“In Singapore, you look at what has happened in terms of the cases they have had; they’re now seeing a rapid decline in cases. You see what happened in Nepal, there was an onward transmission there. You see what’s happened in Viet Nam, where there were some cases and now there’s no further cases”, she said. “These are all examples of where countries have been successful in containing this.”

She added: “The point is, the earlier we act…and how robustly in those initial cases, will determine if you’re dealing with a number of cases, one case, or a small cluster, or if you’re dealing with hundreds or thousands.”

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Most countries failing to protect women from COVID-19 economic and social fallout

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Photo: ILO

The COVID-19 pandemic is “hitting women hard”, but most nations are failing to provide sufficient social and economic protection for them, the head of the UN gender empowerment agency said on Monday.

And women have often become victims of domestic violence “locked down with their abusers, as unpaid caregivers in families and communities, and as workers in jobs that lack social protection”, adds the Executive Director of UN Women, Phumzile Mlambo-Ngcuka.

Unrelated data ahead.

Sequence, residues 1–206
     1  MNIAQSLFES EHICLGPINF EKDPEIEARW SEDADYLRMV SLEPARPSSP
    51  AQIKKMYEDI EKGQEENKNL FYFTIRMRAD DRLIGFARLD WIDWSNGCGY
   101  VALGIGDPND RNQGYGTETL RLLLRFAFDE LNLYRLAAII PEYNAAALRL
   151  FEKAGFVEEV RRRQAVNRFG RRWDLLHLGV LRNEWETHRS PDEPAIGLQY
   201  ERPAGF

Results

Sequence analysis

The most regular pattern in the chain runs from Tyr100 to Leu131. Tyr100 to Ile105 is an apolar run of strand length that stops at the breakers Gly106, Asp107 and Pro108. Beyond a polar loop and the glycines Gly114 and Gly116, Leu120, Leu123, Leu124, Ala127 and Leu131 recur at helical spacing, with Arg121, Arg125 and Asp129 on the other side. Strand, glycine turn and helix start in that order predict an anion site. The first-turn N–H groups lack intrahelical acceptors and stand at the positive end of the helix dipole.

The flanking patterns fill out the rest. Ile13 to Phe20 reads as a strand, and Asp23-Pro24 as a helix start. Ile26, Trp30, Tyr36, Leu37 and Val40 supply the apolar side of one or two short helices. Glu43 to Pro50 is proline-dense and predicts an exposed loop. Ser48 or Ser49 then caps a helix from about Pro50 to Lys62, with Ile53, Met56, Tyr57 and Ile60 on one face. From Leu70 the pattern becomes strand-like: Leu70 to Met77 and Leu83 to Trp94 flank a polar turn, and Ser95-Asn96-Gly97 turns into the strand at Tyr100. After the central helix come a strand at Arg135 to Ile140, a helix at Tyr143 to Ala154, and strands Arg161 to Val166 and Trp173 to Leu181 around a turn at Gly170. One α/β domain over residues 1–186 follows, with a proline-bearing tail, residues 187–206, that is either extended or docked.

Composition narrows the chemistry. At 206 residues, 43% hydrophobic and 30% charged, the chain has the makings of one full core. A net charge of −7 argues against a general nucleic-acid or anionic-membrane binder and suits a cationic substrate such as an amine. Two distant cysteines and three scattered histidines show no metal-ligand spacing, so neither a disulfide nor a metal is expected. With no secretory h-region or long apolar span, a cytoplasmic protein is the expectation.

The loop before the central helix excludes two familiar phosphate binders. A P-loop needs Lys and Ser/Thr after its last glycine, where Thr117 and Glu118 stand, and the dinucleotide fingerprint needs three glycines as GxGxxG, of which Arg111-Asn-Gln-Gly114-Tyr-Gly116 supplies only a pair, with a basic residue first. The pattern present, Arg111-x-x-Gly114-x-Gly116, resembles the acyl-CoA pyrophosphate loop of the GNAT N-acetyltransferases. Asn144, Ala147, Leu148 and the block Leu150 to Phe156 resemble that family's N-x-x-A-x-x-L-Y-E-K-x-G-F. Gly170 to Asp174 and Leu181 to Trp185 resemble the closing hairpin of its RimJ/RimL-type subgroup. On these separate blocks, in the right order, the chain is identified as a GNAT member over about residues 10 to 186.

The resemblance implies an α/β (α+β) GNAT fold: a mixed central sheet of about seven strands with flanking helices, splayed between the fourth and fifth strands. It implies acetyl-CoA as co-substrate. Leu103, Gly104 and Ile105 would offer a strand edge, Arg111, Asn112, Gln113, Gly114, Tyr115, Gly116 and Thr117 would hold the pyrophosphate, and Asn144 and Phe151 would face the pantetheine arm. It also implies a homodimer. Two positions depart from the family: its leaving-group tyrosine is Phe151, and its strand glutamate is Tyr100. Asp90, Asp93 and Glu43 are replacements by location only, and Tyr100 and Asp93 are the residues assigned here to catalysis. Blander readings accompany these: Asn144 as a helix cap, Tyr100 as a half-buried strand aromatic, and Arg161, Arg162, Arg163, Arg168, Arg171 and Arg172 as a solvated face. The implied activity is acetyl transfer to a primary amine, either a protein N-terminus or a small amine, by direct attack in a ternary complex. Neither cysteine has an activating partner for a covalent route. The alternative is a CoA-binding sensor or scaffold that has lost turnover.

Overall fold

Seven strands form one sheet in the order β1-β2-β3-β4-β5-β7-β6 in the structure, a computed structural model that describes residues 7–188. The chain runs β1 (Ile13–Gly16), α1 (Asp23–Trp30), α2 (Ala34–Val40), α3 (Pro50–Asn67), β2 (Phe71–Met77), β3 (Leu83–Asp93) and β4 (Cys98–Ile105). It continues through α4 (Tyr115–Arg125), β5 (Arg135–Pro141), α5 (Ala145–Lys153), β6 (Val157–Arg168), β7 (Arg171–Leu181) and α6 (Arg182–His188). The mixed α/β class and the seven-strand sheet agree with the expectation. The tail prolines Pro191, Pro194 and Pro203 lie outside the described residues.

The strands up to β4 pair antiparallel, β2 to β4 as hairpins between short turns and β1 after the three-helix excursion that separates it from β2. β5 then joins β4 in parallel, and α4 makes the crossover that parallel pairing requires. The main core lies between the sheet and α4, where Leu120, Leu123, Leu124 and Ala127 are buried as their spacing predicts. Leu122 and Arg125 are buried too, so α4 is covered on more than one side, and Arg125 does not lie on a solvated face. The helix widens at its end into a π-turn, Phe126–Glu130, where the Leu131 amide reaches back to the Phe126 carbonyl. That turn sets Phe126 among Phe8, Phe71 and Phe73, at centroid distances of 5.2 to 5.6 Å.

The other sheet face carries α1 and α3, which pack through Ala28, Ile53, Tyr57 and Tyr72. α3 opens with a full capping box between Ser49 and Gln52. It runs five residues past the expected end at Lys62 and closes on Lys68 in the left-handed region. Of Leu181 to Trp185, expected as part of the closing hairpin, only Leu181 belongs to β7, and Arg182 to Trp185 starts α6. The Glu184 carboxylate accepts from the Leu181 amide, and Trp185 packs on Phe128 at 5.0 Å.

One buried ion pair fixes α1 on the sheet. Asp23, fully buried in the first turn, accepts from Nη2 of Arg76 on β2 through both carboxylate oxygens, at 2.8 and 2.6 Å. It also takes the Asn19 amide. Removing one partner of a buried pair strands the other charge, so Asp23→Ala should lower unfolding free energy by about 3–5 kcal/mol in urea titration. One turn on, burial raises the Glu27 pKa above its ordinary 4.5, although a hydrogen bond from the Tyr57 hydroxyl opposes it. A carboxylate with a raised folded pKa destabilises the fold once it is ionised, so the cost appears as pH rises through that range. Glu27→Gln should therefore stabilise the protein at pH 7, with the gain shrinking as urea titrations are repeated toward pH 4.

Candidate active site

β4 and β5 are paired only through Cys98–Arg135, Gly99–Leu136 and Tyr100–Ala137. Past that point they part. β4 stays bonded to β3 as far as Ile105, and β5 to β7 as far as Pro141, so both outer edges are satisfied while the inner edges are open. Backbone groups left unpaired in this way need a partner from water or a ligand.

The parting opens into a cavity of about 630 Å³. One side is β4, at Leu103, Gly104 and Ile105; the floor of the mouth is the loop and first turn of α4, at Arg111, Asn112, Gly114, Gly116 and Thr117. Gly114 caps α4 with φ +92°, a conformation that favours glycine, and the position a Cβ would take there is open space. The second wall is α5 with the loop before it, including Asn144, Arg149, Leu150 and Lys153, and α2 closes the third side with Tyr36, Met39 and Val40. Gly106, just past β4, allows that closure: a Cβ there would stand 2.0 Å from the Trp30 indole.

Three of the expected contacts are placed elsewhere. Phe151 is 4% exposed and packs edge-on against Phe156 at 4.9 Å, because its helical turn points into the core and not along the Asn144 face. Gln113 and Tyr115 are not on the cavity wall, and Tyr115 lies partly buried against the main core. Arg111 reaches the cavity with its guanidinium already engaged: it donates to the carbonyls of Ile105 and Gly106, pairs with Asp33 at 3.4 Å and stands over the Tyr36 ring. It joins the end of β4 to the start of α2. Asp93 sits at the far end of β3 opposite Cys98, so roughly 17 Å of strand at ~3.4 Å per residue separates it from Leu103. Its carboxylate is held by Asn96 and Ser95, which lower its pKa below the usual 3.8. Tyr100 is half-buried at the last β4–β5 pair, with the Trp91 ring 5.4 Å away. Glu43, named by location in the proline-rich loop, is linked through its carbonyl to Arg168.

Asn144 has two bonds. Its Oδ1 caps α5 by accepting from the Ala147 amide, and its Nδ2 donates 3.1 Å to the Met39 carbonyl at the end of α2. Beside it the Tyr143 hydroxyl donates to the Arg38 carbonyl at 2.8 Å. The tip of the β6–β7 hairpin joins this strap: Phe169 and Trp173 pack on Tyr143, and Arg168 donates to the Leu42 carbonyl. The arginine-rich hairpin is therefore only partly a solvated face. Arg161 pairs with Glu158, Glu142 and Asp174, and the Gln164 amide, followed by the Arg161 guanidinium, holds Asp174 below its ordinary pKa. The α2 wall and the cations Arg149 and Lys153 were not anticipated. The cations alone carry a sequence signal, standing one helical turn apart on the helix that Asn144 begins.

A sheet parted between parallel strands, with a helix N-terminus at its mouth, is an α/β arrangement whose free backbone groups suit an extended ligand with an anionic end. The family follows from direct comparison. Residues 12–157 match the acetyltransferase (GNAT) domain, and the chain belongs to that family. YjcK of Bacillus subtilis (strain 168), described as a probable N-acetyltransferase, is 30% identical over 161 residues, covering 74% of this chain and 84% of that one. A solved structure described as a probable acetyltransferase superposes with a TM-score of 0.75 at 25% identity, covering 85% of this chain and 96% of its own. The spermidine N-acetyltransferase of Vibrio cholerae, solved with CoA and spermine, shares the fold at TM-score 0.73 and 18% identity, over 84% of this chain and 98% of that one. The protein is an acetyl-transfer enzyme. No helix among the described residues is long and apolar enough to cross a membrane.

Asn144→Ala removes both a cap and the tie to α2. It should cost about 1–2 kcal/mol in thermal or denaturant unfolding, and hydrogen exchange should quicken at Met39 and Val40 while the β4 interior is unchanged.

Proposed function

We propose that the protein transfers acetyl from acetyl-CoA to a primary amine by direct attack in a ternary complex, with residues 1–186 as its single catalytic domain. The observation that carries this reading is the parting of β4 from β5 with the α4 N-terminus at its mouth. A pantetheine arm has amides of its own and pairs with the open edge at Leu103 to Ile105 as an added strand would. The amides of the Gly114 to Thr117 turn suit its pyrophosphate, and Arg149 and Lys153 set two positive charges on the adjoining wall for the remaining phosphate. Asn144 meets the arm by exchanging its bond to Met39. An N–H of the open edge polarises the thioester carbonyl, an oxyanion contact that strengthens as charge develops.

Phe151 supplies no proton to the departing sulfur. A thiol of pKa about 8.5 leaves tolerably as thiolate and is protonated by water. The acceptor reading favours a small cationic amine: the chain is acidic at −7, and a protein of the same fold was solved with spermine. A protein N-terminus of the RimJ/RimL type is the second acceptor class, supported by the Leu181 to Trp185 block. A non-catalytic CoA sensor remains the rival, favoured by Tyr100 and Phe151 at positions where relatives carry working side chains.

New data released by gender agency and the UN Development Programme (UNDP) taken from the COVID-19 Global Gender Response Tracker, reveal that most countries are not doing enough to protect women and girls from the economic and social fallout being caused by the virus.

Lacking support

The analysis signals that one-fifth of the 206 countries analyzed, or 42 States, had no gender-sensitive measures in place to respond to the pandemic.

And only 25 countries have introduced measures aimed at tackling violence against women and girls (VAWG), support unpaid care and strengthen women’s economic security. 

These may include helplines, shelters or legal support to counter the surge in violence; cash transfers directly targeted at women; or childcare services and paid sick leave.